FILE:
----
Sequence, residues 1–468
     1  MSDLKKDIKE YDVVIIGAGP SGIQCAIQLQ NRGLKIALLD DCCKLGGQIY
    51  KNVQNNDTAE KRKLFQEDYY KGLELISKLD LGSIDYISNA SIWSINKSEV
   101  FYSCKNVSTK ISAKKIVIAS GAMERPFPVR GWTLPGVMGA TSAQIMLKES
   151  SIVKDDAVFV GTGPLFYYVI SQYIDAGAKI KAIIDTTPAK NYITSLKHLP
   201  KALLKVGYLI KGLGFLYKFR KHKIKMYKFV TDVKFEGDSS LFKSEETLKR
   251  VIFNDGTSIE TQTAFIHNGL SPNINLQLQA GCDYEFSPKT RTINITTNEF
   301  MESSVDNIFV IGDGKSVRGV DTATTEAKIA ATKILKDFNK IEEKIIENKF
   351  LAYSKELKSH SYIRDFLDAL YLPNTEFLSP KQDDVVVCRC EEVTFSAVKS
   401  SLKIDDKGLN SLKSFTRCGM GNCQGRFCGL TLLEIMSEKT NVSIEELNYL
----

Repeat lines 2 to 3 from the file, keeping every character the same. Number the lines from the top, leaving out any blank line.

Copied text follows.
     1  MSDLKKDIKE YDVVIIGAGP SGIQCAIQLQ NRGLKIALLD DCCKLGGQIY
    51  KNVQNNDTAE KRKLFQEDYY KGLELISKLD LGSIDYISNA SIWSINKSEV